After arriving at Jamestown in the spring of 1607, the 104 original English colonists were amazed by the country’s natural abundance. Mussels and oysters “lay on the ground as thicke as stones,” George Percy wrote in an account published in 1625; “wee opened some, and found in many of them Pearles.” Yet survival in Virginia proved to be difficult. The Indians of Tsenacomoco—a paramount chiefdom of twenty-eight to thirty-two Algonquian-speaking groups in the Tidewater—alternately, sometimes simultaneously, wooed and pressured the colonists. In May, one group of Indians feasted English leaders near the falls of the James River while another attacked their settlement at Jamestown, killing two. Three months later, in August, the first of many summertime sicknesses set in, killing more than half of the colonists. By the end of the year, only about forty survived. Reinforcements helped offset the toll again taken by the so-called summer seasoning, so that by mid-December 1608 Jamestown’s population stood at about 200.
Percy wrote that he and his fellow colonists succumbed to the bloody flux (probably diarrhea), burning fevers, and swellings, in addition to wounds they received at the hands of the Indians. “For the most part,” however, “they died of meere famine.” He went on to lament that “There were never Englishmen left in a forreigne Countrey in such miserie as wee were in this new discovered Virginia.” He described his men as “feeble wretches”: “Our food was but a small Can of Barlie sod in water to five men a day, our drinke cold water taken out of the River which was at a floud verie salt, at a low tide full of slime and filth, which was the destruction of many of our men.” The colonist Ralph Hamor later blamed “misgovernment, idlenesse, and faction” for these early deaths, suggesting that “people were fedde out of the common store and labored jointly in the manuring of the ground, and planting corne.” As a result, “glad was that man that could slippe from his labor,” for he knew that he would be maintained by the communal food supply.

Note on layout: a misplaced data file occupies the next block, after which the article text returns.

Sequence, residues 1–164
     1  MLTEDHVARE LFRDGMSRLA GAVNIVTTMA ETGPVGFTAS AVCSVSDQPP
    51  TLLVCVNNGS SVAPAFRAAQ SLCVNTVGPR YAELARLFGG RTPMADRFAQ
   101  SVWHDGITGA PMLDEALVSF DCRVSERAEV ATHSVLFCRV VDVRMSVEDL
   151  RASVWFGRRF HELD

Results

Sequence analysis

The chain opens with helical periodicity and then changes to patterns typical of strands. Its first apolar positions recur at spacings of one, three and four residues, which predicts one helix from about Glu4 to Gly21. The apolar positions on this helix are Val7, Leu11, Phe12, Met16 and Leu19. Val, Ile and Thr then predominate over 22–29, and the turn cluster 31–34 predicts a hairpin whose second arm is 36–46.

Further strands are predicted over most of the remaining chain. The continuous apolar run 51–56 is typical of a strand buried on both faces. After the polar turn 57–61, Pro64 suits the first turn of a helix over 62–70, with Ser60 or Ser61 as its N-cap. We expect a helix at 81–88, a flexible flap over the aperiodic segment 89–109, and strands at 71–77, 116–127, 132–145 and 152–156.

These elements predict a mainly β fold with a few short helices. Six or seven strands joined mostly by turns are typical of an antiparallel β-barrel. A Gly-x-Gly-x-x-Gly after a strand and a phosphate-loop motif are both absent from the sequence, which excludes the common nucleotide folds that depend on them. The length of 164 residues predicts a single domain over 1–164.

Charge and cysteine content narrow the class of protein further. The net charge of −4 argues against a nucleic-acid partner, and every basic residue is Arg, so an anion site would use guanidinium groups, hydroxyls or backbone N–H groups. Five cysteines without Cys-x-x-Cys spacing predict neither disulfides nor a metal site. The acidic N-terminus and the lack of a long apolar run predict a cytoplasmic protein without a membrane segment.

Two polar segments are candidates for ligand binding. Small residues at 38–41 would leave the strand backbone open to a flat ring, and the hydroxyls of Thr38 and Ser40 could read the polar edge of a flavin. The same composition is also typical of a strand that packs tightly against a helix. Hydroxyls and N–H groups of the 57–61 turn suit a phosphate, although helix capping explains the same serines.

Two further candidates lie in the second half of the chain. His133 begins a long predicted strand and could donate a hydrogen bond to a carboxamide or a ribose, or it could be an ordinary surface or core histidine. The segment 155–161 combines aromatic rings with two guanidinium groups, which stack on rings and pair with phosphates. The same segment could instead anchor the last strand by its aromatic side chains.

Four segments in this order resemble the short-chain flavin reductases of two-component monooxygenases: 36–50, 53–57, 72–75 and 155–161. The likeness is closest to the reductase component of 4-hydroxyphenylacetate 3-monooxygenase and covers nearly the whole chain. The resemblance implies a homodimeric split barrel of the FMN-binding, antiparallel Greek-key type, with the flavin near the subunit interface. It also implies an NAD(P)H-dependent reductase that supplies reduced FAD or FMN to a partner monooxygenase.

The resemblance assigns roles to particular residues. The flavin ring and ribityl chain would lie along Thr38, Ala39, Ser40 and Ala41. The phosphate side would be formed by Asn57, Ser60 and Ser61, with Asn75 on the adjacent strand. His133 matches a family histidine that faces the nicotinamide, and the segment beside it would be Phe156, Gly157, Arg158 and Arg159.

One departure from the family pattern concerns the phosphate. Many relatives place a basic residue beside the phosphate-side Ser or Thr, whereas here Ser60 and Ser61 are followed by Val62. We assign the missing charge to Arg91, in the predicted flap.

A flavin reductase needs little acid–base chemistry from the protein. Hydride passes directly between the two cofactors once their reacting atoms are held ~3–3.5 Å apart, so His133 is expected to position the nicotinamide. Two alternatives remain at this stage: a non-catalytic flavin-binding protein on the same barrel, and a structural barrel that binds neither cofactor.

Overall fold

At the same time, Virginia was mired in a terrible drought. Tree-ring studies conducted by scientists from the University of Arkansas, who examined a bald cypress near Jamestown, discovered that the colonists arrived at the beginning of a seven-year drought (1606–1612), the driest period in 770 years. Moreover, conditions were particularly severe near Jamestown, an ecological zone (oligohaline) where the exchange between fresh and salt water is minimal. While the drought made conditions particularly unfavorable, the colonists—mostly military men and skilled laborers—showed no inclination or ability to hunt, fish, or farm, instead relying on overseas shipments or food that they could bargain, or often outright steal, from the Indians. But the residents of Tsenacomoco were feeling the drought no less than the English, and could scarcely afford these unexpected demands on their food supply.
With the coming of winter in 1608 and with Captain John Smith now president, the Indians largely refused to trade. In January, Tsenacomoco’s paramount chief, Powhatan, even attempted to have Smith killed. Meanwhile, the colonists battled, in Smith’s words, “the extremitie of sickness, mutinies, faction, ignorances, and want of victuall.” And yet during that winter, Smith “lost but 7 or 8 men.”
That they stayed alive for Smith only to die in such droves the next winter under his successor, George Percy, has led historians to wonder what changed. One of Smith’s apparent insights was that work was necessary and self-sustaining. “He that will not worke shall not eate,” he told the colonists, adding that “the labours of thirtie or fortie honest and industrious men shall not be consumed to maintaine a hundred and fiftie idle loyterers.” Like Hamor (and other colonist-observers), Smith worried about idleness, a condition some historians have likened to laziness, suggesting that too many of the early colonists were gentlemen and so unaccustomed to labor. Many historians now disagree. Karen Ordahl Kupperman, for instance, has countered that men suffering from malnutrition “exhibit symptoms in their early phases which appear to be purely psychological, such as loss of appetite (anorexia) and indifference.” In other words, weakness and fatigue may have looked like laziness but were in reality illness. Regardless of whether Smith recognized this fact, he found that even small amounts of work improved both the material life and health of the colonists.
First Anglo-Powhatan War